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How Hosting an Airbnb Lifted the Darkness of My Endometriosis

When I left the hospital in 2012 after having four surgeries, blood transfusions, stints to my ureters, major bladder damage, post-traumatic stress disorder (PTSD) from all of the trauma, and a complete hysterectomy (leaving me unable to have children) — all caused by severe stage 5 endometriosis, I was what I thought at the time completely destroyed for life.

I have had endometriosis for nearly my entire life since I was a pre-teen, and went undiagnosed for over a decade. I experienced two previous surgeries before I entered Lenox Hill on April 6, 2012, through the ER for scheduled surgeries. The expectation of that day was that I would only spend perhaps seven days in the hospital, and walk out ready to live a new life.

When I was rushed into the ER that morning by ambulance, everything was complete mayhem. I was in debilitating pain with my mother and my husband by my side. My surgeons were totally thrown off because I was scheduled for surgery, but here I was being rushed into the ER in indescribable pain.

I remember being in the ER, and being whisked into the surgery prep room, with what felt like people twirling around me in blue scrubs with masks and gloves, all preparing to rush me off to surgery. I vaguely recall my head surgeon standing over me with a clipboard and some paperwork that I would need to sign. The paperwork was some sort of waiver stating the possibility that while they were inside me performing surgery, if need be, there was the possibility that they would have to give me a complete hysterectomy. Our goal was to to excise the endometriosis for what we hoped would be the final time.

I remember looking over at my husband, Ariel, completely drugged on Dilaudid through an IV, and him holding my hand while the surgeon explained that he would do everything he could to save my ovaries, which were already destroyed by the endometriosis, as well as my uterus. I remember Ariel staring into my eyes sadly, and I signed it. They pushed me off into surgery, and my mother and Ariel were saying not to worry, that they would be there when it was over.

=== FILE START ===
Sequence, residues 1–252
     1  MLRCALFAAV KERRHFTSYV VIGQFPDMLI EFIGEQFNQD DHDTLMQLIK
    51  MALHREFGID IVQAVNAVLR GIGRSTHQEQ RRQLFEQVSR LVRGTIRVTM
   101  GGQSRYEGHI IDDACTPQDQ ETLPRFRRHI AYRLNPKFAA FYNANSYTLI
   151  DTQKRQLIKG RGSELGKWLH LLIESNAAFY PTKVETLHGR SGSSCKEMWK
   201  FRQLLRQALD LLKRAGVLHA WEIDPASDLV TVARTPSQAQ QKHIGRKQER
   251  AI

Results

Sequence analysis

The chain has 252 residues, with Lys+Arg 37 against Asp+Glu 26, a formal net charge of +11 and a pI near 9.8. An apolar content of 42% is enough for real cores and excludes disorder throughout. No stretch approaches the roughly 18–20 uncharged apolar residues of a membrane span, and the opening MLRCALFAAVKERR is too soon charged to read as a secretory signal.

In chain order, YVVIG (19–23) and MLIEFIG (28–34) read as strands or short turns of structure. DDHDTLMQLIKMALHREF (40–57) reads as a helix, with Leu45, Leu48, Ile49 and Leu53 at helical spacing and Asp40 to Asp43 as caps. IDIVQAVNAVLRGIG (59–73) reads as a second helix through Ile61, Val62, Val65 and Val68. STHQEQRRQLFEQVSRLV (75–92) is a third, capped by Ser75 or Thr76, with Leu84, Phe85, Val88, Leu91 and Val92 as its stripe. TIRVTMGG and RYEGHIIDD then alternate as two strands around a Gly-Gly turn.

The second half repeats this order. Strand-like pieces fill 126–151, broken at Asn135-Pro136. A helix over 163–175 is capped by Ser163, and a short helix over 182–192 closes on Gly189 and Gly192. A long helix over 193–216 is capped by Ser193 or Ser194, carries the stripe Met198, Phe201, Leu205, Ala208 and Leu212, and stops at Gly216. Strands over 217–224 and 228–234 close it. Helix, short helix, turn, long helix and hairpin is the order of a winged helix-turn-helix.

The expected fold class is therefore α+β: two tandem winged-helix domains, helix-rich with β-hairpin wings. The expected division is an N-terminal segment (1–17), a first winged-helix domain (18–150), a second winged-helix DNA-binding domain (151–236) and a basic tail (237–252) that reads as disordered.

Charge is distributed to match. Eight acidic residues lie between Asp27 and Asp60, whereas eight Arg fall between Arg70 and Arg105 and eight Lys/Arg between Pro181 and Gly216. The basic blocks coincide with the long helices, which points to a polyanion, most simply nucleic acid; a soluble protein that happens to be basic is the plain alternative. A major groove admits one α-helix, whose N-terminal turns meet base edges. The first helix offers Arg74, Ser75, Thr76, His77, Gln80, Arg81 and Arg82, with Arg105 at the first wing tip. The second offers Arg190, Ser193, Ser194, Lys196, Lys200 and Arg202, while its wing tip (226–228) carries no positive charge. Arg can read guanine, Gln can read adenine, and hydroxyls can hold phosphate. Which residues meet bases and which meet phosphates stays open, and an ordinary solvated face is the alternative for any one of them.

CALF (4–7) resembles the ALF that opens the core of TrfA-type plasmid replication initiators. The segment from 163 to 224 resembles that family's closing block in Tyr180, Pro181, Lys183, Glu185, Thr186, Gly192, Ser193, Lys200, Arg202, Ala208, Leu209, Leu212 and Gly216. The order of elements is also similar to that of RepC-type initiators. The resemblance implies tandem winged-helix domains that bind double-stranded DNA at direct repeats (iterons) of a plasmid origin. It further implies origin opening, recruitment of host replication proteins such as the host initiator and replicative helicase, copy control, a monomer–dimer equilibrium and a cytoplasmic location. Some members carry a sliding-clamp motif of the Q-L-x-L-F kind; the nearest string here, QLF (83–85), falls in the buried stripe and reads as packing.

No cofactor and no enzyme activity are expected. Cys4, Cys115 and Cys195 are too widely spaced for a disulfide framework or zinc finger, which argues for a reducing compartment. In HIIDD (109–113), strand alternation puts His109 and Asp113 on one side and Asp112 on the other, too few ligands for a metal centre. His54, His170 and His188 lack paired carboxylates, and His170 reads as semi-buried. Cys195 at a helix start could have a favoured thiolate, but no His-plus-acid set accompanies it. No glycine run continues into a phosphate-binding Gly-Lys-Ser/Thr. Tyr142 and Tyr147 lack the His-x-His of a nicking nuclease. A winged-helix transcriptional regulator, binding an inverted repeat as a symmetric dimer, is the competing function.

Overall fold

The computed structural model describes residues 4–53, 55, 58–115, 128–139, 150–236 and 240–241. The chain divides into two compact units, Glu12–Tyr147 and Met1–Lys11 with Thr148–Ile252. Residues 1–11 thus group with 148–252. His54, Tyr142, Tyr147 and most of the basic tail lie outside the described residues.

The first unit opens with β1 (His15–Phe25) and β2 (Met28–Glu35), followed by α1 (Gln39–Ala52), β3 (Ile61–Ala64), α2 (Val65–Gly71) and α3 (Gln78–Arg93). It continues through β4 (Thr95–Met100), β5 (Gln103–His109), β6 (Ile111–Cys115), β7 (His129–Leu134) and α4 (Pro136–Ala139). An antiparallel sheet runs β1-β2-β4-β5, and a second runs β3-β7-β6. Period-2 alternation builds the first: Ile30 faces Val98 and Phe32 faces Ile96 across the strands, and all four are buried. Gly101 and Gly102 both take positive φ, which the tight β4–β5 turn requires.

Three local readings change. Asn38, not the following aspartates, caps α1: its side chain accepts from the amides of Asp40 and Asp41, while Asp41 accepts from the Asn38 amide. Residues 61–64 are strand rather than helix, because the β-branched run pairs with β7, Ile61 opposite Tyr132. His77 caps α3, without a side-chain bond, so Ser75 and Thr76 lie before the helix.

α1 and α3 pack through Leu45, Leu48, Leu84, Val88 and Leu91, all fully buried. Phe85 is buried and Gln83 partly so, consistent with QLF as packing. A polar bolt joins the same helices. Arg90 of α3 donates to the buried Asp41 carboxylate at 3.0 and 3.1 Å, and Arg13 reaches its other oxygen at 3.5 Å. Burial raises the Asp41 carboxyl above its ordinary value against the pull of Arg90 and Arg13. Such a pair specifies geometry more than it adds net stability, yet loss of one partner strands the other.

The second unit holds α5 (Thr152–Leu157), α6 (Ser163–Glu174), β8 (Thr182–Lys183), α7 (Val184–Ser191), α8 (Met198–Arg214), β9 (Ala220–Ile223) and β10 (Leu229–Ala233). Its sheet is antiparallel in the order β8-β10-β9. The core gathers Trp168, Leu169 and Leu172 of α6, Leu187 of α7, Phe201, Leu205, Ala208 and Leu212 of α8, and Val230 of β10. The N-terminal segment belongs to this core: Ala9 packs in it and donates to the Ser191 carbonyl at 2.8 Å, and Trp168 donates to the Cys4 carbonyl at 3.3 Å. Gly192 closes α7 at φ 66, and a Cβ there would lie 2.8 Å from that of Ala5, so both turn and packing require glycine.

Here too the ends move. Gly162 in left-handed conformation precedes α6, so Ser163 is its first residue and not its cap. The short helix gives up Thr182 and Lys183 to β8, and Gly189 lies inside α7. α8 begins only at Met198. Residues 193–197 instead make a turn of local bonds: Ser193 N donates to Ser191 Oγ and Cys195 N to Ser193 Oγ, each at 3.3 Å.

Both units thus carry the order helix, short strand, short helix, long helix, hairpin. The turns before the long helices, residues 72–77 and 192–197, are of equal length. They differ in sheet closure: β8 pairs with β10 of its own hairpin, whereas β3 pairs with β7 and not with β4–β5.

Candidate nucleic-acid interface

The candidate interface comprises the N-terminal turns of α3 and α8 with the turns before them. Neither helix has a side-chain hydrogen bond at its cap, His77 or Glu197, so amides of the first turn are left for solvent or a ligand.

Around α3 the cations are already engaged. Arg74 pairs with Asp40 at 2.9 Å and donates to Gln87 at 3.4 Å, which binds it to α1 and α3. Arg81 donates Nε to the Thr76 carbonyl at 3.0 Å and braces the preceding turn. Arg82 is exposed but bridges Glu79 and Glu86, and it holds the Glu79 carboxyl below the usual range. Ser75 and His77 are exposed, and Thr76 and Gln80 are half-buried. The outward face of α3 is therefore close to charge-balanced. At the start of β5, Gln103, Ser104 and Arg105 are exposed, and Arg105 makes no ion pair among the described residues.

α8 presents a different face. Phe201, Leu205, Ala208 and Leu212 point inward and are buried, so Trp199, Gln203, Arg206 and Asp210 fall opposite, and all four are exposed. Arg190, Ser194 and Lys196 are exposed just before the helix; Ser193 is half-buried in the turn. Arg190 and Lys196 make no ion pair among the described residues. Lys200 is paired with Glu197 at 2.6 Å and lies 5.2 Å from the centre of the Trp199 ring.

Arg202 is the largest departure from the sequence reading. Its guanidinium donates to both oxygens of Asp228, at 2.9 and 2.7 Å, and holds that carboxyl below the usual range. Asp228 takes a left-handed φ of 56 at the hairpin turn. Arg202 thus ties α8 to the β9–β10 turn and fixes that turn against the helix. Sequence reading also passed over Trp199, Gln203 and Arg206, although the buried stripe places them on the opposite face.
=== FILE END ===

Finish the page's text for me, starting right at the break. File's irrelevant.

When I awoke from surgery, I was feeling completely happy. I remember thinking to myself, “This is it. This will be the final time. Goodbye endometriosis, hello new life.”

Little did I know at that time what life had planned for me. I looked around for Ariel and my mom, and they were not there. That is when I instantly had a horrible feeling, and that happiness I was feeling quickly escaped me, and dread poured over my entire body.

The next three months, in fact the next four years, would feel like a never-ending nightmare. I did, in fact, have a hysterectomy, and severe complications. And as I mentioned earlier, I left the hospital almost three months later, with continued major complications, and having had four surgeries.

The final surgery, they cut me wide open from my chest all the way down to right above my private parts, to repair all the damage that had been done. I had to be stapled shut.

My whole life I had worked as a professional actress, touring in Broadway shows. It was my passion, and what I lived for. Deep down inside however, I always wanted to be a mom. Everyone who met me would always say, “Stephanie, you are going to make an amazing mom someday,” and I knew that I would. But somewhere inside my spirit, it was like I knew it would never happen. I didn’t know why, it was just my intuition I guess. Even though that voice lingered inside me, when I met my husband, I was so excited to finally walk away from performing, to have my chance at motherhood.